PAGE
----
Quality of Hospice Care for Individuals with Dementia

Authors

  • Jennifer S. Albrecht PhD,

    Corresponding author
    • Department of Pharmaceutical Health Services Research, School of Pharmacy, University of Maryland, Baltimore, Maryland
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  • Ann L. Gruber-Baldini PhD,

    1. Department of Epidemiology and Public Health, University of Maryland School of Medicine, Baltimore, Maryland
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  • Erik K. Fromme MD,

    1. Division of Hematology and Medical Oncology, Knight Cancer Institute, Oregon Health & Science University, Portland, Oregon
    2. Center for Ethics in Healthcare, Oregon Health & Science University, Portland, Oregon
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  • Jessina C. McGregor PhD,

    1. Department of Pharmacy Practice, Oregon State University and College of Pharmacy, Oregon Health & Science University, Portland, Oregon
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  • David S. H. Lee PharmD, PhD,

    1. Department of Pharmacy Practice, Oregon State University and College of Pharmacy, Oregon Health & Science University, Portland, Oregon
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  • Jon P. Furuno PhD

    1. Department of Pharmacy Practice, Oregon State University and College of Pharmacy, Oregon Health & Science University, Portland, Oregon
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  • [Editorial Comments by Kathleen Unroe, MD and Diane E. Meier, MD pp 1212-1214]

Address correspondence to Jennifer S. Albrecht, Pharmaceutical Health Services Research, School of Pharmacy, University of Maryland, 220 Arch Street, 12th floor, Room 01–234, Baltimore, MD 21201. E-mail: jalbrecht@rx.umaryland.edu

Abstract

Background

Patients with dementia constitute an increasing proportion of hospice enrollees, yet little is known about the quality of hospice care for this population. The aim of this study was to quantify differences in quality of care measures between hospice patients with and without dementia.

Design

Cross-sectional analysis of data.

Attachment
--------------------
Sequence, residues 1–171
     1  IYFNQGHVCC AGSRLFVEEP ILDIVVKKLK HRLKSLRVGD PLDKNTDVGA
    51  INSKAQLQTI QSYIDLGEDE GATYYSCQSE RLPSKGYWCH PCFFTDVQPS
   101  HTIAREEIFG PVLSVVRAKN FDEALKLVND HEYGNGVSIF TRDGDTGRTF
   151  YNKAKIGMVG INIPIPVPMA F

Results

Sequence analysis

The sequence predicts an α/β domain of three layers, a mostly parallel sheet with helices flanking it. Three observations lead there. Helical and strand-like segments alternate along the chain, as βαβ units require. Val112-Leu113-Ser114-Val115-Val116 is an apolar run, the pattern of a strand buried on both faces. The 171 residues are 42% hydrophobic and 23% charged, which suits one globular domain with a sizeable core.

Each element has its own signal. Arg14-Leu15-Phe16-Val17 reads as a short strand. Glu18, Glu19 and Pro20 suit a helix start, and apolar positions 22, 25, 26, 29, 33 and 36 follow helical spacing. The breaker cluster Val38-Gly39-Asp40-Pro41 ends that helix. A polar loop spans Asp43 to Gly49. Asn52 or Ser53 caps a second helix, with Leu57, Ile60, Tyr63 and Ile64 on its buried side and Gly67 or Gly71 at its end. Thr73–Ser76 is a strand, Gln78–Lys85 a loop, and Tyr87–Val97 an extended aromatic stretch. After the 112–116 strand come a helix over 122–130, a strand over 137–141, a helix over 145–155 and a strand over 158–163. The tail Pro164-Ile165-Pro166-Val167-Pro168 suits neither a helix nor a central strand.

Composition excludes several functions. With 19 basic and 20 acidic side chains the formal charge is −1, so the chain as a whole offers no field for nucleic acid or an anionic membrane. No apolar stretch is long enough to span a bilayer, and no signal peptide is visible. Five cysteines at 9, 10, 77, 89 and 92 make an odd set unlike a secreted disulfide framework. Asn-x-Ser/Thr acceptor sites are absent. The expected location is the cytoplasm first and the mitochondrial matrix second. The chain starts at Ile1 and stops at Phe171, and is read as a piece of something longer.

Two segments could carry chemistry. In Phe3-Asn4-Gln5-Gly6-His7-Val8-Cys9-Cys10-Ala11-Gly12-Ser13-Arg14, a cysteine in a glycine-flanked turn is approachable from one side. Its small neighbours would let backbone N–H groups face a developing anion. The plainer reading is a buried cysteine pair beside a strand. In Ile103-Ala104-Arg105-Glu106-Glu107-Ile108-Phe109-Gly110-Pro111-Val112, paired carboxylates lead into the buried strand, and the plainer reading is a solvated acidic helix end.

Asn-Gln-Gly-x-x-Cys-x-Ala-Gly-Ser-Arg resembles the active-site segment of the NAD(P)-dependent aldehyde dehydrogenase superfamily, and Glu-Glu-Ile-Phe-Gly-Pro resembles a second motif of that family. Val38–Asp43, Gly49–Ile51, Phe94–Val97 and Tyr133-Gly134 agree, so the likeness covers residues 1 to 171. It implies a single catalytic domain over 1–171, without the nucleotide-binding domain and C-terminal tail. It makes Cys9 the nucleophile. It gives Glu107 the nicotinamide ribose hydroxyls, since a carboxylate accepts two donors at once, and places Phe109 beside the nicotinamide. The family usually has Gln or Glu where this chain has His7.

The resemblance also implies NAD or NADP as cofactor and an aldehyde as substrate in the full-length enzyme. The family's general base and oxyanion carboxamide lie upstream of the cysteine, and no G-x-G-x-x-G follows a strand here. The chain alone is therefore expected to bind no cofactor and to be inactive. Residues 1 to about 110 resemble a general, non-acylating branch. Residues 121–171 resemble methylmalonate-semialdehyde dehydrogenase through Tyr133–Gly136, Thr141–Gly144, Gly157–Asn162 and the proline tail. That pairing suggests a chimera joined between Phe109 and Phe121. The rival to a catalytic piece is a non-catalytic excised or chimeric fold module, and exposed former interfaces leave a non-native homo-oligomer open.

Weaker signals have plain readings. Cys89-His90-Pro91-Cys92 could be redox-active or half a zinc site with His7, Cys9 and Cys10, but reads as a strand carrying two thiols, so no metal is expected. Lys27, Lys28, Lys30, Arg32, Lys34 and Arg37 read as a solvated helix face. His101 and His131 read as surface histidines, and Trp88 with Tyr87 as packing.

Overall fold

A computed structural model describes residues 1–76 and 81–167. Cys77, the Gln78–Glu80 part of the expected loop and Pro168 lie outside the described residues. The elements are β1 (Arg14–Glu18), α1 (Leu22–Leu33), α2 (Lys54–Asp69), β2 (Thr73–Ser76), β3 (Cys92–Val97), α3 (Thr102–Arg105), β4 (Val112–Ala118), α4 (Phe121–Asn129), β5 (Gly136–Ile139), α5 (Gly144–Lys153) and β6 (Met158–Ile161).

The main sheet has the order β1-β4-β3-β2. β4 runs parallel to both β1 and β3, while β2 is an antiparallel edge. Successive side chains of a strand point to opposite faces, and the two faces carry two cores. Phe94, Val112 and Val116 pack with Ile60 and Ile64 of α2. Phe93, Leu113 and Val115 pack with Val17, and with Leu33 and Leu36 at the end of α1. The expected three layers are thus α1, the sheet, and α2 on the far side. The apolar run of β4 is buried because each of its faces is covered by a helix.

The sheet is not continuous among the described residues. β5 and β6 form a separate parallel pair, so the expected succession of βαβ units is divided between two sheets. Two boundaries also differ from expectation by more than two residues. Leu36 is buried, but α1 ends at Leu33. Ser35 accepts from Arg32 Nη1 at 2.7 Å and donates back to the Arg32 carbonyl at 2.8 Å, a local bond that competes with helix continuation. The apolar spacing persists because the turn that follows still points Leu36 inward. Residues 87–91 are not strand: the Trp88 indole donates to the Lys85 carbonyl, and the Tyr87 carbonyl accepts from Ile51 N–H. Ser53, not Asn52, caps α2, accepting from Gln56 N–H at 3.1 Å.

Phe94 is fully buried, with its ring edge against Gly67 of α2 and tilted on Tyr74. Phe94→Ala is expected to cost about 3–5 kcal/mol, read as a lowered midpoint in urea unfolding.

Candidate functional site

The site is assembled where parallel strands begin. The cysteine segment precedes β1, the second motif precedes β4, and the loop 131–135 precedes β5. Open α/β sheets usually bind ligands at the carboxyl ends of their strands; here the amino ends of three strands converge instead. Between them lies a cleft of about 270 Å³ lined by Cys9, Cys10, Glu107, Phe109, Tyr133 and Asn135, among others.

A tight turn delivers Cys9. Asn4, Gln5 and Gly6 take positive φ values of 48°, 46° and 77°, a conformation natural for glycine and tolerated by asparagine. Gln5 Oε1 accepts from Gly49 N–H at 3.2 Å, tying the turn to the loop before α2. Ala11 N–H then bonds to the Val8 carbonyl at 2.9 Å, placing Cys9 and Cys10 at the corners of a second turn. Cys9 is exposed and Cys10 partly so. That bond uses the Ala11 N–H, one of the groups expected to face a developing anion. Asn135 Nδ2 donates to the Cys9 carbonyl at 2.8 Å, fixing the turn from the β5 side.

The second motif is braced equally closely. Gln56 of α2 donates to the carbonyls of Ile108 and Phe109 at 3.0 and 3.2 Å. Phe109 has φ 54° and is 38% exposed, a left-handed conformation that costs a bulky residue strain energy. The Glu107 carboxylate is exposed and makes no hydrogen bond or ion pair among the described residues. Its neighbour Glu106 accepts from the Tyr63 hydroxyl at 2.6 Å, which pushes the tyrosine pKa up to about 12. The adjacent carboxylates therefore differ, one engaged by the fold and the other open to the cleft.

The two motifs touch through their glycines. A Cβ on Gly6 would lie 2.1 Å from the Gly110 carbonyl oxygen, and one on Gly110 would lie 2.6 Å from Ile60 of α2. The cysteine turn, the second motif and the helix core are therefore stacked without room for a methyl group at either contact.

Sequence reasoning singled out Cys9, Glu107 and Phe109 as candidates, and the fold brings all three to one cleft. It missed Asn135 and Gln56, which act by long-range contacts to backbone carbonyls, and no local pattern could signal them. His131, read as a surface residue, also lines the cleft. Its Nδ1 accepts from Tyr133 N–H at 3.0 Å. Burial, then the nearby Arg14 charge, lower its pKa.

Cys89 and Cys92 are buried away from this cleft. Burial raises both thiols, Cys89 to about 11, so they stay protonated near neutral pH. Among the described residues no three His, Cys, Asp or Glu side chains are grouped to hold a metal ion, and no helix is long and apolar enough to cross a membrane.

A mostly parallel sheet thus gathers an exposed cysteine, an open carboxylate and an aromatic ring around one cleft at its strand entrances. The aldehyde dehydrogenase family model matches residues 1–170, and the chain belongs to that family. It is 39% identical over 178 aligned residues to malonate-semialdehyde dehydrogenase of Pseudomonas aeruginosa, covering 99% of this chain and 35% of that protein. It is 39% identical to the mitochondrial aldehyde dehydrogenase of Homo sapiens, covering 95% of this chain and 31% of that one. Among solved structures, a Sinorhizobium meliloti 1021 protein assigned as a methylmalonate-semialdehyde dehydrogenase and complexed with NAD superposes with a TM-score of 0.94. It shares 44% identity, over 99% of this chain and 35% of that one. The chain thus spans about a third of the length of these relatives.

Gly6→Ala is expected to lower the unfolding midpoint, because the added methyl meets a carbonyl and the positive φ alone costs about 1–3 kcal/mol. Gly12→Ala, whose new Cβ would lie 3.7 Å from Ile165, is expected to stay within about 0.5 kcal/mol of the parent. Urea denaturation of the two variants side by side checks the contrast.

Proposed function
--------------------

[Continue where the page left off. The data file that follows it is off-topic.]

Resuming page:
Setting

2007 National Home and Hospice Care Survey.

Participants

Four thousand seven hundred eleven discharges from hospice care.

Measurements

A primary diagnosis of dementia at discharge was defined according to International Classification of Diseases, Ninth Revision, codes (290.0–290.4x, 294.0, 294.1, 294.8, 331.0–331.2, 331.7, and 331.8). Quality-of-care measures included enrollment in hospice in the last 3 days of life, receiving tube feeding, depression, receiving antibiotics, lack of advanced directive or do not resuscitate order, Stage II or greater pressure ulcers, emergency care, lack of continuity of residence, and a report of pain at last assessment.

Results

Four hundred fifty (9.5%) individuals were discharged with a primary diagnosis of dementia. In multivariable analysis, individuals with dementia were more likely to receive tube feeding (odds ratio (OR) = 2.6, 95% confidence interval (CI) = 1.4–4.5) and to have greater continuity of residence (OR = 1.8, 95% CI = 1.1–3.0) than other individuals in hospice and less likely to have a report of pain at last assessment (OR = 0.6, 95% CI = 0.3–0.9).

Conclusions

The majority of quality-of-care measures examined did not differ between individuals in hospice with and without dementia. Use of tube feeding in hospice care and methods of pain assessment and treatment in individuals with dementia should be considered as potential quality-of-care measures.

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